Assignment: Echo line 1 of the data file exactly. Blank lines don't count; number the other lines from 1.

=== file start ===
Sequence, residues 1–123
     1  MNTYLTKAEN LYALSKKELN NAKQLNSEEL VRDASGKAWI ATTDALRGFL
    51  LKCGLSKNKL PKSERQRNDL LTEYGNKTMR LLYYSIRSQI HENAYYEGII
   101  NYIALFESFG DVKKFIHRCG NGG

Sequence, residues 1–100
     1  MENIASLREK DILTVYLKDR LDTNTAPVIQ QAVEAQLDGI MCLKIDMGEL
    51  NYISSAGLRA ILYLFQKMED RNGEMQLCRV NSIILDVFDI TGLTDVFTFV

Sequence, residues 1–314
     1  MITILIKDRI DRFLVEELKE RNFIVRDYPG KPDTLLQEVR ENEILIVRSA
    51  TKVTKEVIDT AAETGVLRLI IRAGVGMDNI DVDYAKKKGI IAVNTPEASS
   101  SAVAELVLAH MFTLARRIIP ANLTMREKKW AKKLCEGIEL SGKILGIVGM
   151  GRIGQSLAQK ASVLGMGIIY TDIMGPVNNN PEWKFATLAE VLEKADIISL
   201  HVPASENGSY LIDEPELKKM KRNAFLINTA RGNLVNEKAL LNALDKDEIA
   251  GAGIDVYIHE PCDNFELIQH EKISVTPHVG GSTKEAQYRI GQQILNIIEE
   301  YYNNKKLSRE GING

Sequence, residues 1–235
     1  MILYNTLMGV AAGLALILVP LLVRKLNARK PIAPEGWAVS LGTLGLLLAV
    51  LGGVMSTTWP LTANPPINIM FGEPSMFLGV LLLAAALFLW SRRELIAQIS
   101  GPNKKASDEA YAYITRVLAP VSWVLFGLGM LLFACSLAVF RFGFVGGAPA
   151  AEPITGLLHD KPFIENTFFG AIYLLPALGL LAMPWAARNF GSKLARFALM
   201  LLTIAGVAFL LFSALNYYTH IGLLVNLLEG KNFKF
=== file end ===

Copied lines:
Sequence, residues 1–123